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Posts Tagged ‘Citizen-Journal’

from the Nieman Journalism Lab
A friend who is a web editor asked on Facebook what her journalist friends think of the news that the new owner of the Orange County Register is going all-in on a print-first approach to news.

My initial response was that it was “goofy.” After letting the idea simmer for a few hours, I can substantially amend my response.

First, I applaud the reasoning being used, as explained by editor Ken Brusic:

“The new owners have decided that the way they want to proceed with a business model is to really move from solely an advertising-based newspaper model to a subscriber-based one, and in order to accomplish that — basically, what we need if we’re going to charge more — is more quality in the newspaper.”

This is no small thing. Moving to a subscriber-based model means you believe you can make money primarily from the content you produce, not from finding advertisers who want to reach your subscriber base. Beefing up the staff, then, is just putting your money where your mouth is – the exact opposite of putting up a paywall while also cutting staff and/or pay.

That said, I still think there are limitations to the model. If the beefed-up Register succeeds, I tend to think it eventually will become a niche product for a high-information demographic. If smartly marketed – and keeping a free website for breaking news and pushes to the paper or an all-subscription site is a part of that – it would not be resigning itself to a forever aging and shrinking demographic, but it almost certainly would find itself with a small one: older than average, wealthier than average, better-informed than average. Not a bad demographic to have, for outside promotional events and whatever advertisers might remain, but not a mass-circulation base.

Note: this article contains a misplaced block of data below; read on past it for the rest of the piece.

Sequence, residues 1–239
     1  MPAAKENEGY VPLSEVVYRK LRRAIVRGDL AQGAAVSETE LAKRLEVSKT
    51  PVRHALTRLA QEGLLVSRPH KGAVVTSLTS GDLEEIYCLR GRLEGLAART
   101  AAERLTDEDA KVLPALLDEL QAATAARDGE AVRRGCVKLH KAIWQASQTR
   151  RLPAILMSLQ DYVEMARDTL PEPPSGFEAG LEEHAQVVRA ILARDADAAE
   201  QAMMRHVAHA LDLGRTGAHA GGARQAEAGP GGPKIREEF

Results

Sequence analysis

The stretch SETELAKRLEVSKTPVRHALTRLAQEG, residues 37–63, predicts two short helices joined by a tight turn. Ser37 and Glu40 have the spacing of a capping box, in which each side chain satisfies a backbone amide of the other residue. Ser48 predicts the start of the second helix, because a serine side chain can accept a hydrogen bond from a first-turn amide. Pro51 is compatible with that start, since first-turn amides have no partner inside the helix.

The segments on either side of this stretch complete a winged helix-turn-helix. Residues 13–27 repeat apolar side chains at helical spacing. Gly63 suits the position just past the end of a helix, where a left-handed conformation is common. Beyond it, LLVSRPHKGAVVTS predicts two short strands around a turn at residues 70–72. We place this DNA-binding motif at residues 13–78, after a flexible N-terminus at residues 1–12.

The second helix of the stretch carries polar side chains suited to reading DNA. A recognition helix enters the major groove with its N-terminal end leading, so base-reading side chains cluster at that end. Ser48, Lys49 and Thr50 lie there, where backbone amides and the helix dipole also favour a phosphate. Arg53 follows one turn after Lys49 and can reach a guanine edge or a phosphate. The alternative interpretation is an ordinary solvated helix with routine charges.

The main reason for that I think is entirely outside the control of the Register, or any news organization, as I summarized elsewhere in a completely different context on Wednesday:

“As Jeff Cole of the Annenberg School’s Center for the Digital Future has put it, the ongoing changes (facing the news industry) are not just technological but behavioral and comprehensive, of the same order as the changes that followed the advent of television, and anyone seeking to lead a business affected by them has to understand that.”

When my grandfather was a young man, it was an absolute given that if you read a newspaper, you did it after work. By the time my father started dating a pretty, young features writer at the Columbus (Ohio) Citizen-Journal, that was no longer a given. By the time I worked a summer internship at The Phoenix (Ariz.) Gazette, that was one of the few afternoon papers left in the country, and it was on its last legs.

Why the change? Were the morning papers that much better? In some cases they may have been, but that wouldn’t explain a nationwide phenomenon, so no. The change came about purely because of changes in people’s lives. It began to make more sense to people to read a morning paper. Their afternoons maybe became busier and busier, or the evening TV news filled their information needs better than a P.M. paper because the TV news was more up to date. Whatever the reason, it was less a vote on the afternoon paper than a symptom of larger trends in society.

Similarly, newspapers today are not facing financial trouble because they are “giving away” their content online – or, if you believe that is a genuine problem, not solely or even mainly because of it. Morning newspaper circulation had been in decline before most people ever heard of the World Wide Web. The advent of the Web, then the high-speed Web, then the mobile Web merely accelerated the trend and added on the burden of advertisers having new options for reaching people.